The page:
It’s totally OK to burn these books

Game of Thrones candle book

When burned, these books give off a charming smell.

Like pumpkin souffle, clean cotton, and ocean breeze.

These are the smells of Hagrid’s Pumpkin Patch, Dobby’s Socks, and Gatsby’s Shoreline — all candles, and all great holiday gift ideas.

You can also find lip balms and wax tarts in the Etsy seller’s shop, From the Page.

Why J.K. Rowling’s adult, totally not for children books are OK by me

Rowling

Jo has come a long way from the days of Harry Potter. It’s weird to think that one of the biggest children’s writers of our time is now catering to adults, but it’s happening, and it’s probably not going to stop.

When I read 2013’s suburbia novel The Casual Vacancy, which J.K. Rowling wrote several years after children’s book The Tales of Beedle the Bard (a spin-off from the Potter line), I was surprised at how literally the author seemed to construe the term “adult readership.” The book is good, and it mellows out a bit, but I felt like Rowling was trying to cram as much mature content into the opening as she possibly could. Name a dirty topic, and she was making it a character trait.

Now I’m in the middle of reading A Cuckoo’s Calling* (which, hey, is getting a sequel in June), a crime-detective mystery that she published under the pseudonym Robert Galbraith. After how much flack she got for the rather brash Casual Vacancy, it makes sense that the poor woman would choose to bury the Rowling name with the Harry Potter series and start anew.

Last year in July, Rowling went on record saying, “I had hoped to keep this secret a little longer because being Robert Galbraith has been such a liberating experience. It has been wonderful to publish without hype or expectation and pure pleasure to get feedback under a different name.”

Can you blame her? Maybe it’s because of critics’ quotes like this one from Bloomberg: “Imagine Harry Potter with nothing but Muggles — mean, graceless people without a trace of magic. It would be a dull book indeed.”

The Casual Vacancy is not a perfect book. I think it’s terribly flawed in the beginning, like Rowling was trying too hard to leave Harry behind and rewrite everyone’s notion of her as this charming British lady who writes about wizards and magic and young adulthood. Remember, this is the same woman who killed off — OK wait, spoiler alert from 2007 — Hedwig for no reason other than to teach children that our friends die (seriously, read the quote at the front of the book). I thought the rest of Casual Vacancy was quite wonderful. It’s just not something you’d read to your kids.

It’s wrong of us to expect Rowling to keep writing children’s fiction just because of her earlier success. If she needs to ditch her name and adopt a pseudonym to get us to drop the incessant comparisons to Harry Potter and why The Casual Vacancy and A Cuckoo’s Calling aren’t Harry Potter, then more power to her.

She’s a writer. Let her write. If you don’t like it, go reread Sorcerer’s Stone — and shush.

*More on Cuckoo’s Calling from me soon.

Awesome book cover Friday: Harry Potter and the Sorcerer’s Stone

Scholastic is dolling up all seven of J.K. Rowling’s Harry Potter books with new, 15th-anniversary covers.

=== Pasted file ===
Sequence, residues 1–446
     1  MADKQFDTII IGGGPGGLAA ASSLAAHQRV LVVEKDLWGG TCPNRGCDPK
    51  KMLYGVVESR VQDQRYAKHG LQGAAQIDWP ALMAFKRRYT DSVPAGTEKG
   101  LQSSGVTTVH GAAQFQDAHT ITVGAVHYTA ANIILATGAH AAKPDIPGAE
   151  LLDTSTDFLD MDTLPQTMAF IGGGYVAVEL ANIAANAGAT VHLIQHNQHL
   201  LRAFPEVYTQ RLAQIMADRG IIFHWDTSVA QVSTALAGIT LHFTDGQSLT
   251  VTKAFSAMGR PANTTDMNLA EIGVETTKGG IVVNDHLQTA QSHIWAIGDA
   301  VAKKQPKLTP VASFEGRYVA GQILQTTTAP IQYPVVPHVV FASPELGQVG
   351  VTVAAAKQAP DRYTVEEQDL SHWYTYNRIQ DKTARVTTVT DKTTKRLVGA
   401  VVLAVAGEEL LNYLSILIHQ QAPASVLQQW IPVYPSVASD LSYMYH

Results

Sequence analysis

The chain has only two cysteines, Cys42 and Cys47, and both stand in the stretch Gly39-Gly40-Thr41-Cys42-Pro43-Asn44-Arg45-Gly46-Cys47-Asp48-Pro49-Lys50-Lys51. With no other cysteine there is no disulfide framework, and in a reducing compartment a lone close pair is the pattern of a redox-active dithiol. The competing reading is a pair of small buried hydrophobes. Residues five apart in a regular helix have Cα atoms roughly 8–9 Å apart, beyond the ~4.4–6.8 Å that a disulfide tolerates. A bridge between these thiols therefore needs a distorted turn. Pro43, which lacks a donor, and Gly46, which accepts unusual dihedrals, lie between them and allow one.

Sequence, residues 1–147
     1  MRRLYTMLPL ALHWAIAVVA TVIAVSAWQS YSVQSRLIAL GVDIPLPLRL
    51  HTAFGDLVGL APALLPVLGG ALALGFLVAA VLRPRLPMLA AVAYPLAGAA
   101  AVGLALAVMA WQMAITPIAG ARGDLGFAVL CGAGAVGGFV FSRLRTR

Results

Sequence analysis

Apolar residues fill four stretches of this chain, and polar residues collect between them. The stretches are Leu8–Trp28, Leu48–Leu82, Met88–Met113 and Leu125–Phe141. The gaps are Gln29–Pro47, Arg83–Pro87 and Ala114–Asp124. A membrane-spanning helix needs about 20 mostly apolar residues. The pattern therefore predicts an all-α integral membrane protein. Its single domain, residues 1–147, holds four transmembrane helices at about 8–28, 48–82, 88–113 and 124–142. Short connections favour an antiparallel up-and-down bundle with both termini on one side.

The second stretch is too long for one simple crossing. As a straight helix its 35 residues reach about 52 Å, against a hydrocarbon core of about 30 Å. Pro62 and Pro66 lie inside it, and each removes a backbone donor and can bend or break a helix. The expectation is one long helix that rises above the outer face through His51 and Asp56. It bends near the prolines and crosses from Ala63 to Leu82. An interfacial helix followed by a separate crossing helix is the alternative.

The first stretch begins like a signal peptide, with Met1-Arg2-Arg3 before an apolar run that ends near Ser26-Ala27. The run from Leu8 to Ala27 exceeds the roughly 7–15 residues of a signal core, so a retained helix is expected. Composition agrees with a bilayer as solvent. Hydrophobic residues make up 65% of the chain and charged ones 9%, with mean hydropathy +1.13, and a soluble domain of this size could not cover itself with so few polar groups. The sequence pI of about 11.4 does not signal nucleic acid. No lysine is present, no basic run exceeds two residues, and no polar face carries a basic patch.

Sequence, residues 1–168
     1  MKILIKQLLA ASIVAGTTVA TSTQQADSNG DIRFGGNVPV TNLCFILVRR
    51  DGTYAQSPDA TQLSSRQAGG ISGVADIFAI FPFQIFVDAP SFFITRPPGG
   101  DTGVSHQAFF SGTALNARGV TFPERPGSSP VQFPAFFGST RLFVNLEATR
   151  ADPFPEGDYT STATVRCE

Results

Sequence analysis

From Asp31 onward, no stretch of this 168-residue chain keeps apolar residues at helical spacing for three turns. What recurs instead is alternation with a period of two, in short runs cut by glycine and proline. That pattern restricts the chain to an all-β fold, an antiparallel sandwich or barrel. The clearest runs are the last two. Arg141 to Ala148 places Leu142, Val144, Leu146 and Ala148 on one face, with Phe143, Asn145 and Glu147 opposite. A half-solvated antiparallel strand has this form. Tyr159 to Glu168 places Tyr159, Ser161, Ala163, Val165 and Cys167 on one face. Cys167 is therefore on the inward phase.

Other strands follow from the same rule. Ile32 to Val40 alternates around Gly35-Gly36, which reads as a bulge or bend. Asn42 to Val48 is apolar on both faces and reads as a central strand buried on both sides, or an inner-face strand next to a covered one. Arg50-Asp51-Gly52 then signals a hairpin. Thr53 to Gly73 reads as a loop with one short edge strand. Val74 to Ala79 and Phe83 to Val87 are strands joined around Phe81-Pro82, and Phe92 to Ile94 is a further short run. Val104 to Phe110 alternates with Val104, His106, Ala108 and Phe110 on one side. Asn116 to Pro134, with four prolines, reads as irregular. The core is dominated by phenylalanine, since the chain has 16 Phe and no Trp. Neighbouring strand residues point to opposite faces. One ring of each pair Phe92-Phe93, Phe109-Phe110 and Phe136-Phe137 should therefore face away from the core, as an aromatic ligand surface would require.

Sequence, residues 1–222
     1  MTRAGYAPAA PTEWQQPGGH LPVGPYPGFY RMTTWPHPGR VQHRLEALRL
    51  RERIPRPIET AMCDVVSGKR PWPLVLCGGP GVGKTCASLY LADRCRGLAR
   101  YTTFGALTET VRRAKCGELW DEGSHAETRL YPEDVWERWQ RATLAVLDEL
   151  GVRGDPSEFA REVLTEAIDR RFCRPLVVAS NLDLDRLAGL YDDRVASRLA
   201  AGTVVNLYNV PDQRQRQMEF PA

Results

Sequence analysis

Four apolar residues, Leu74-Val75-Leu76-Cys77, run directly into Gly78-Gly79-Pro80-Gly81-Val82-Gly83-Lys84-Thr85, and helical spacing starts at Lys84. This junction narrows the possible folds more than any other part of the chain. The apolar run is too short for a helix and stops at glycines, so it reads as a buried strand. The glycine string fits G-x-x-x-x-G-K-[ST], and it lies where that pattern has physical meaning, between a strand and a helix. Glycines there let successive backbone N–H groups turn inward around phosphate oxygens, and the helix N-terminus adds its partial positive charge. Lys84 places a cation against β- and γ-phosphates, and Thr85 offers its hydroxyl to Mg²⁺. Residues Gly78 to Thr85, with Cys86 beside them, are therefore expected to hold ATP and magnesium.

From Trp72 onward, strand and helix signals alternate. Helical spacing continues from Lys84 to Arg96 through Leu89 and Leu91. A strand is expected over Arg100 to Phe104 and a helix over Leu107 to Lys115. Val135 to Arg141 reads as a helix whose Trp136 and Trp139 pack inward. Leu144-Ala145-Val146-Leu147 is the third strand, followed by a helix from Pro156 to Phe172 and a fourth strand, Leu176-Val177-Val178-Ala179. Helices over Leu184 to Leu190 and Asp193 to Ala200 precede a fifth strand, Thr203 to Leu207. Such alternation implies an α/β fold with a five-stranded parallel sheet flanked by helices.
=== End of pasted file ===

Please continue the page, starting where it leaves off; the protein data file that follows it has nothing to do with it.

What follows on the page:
The first is coming for Harry Potter and the Sorcerer’s Stone in September. The redesigns were done by Kazu Kibuishi, a graphic novelist known for his Amulet series.

The publisher has revealed the cover for Sorcerer’s Stone. What do you think? I love the sleeker, more color-rich, more emotionally encapsulating take over the original.

Harry Potter and the Sorcerer's Stone - Scholastic

John Green on creating characters for novels and written stories

John Green

John Green talked today about how to create characters in novels and other text-based forms of storytelling … while playing Fifa Soccer 11, which probably doesn’t have very deep characters.

But his reasons for playing make sense. Fifa is a video game, which is largely a visual medium. The author of The Fault in Our Stars said that what’s often forgotten about character creation is that characters in stories are made out of text, not images. “When I first read Harry Potter, I didn’t think of the physicality of Harry Potter. That wasn’t as central to his character as his interior life and my own feelings and connection to his interior life.”

He added, “First-time readers of Harry Potter are able to read that story without thinking of Daniel Radcliffe or even picturing anyone specific.”

Continue reading “John Green on creating characters for novels and written stories”

Reading and writing with all 5 senses

The Five Senses by Herve TulletReading is a very sensory experience. If you pick up a book, you immediately touch the pages, see the words (a greatly underrated experience in itself) — and probably smell the book, too, regardless of whether you have a new or old copy.

Sometimes this is a bad experience — like my recent purchase of Life of Pi (soon to be a movie), a used edition that smells a lot like ketchup, much to my displeasure. Seriously. Gross.

Those who read aloud in their heads might “hear” the words (also a beneficial practice), but chances are you’re not tasting. That’s where words exhibit their power through story. The sights, smells, and sounds … a good author knows how to grab the reader with vivid, sensory-appealing imagery.

Smell might be the strongest tie to memory, but for me, nothing lures me in like a good description of a delicious meal. Every time. As soon as roast chicken, strawberry tarts, or some sort of savory dish involved, I’m hungry and wishing I lived in medieval times. Or at Hogwarts (here’s a cool breakdown of all the food and drink served at the wizard school.)

What about you? Do any of the five senses really get to you when you read? And go ahead — count the so-called sixth sense, too. Maybe ghosts really freak you out. :)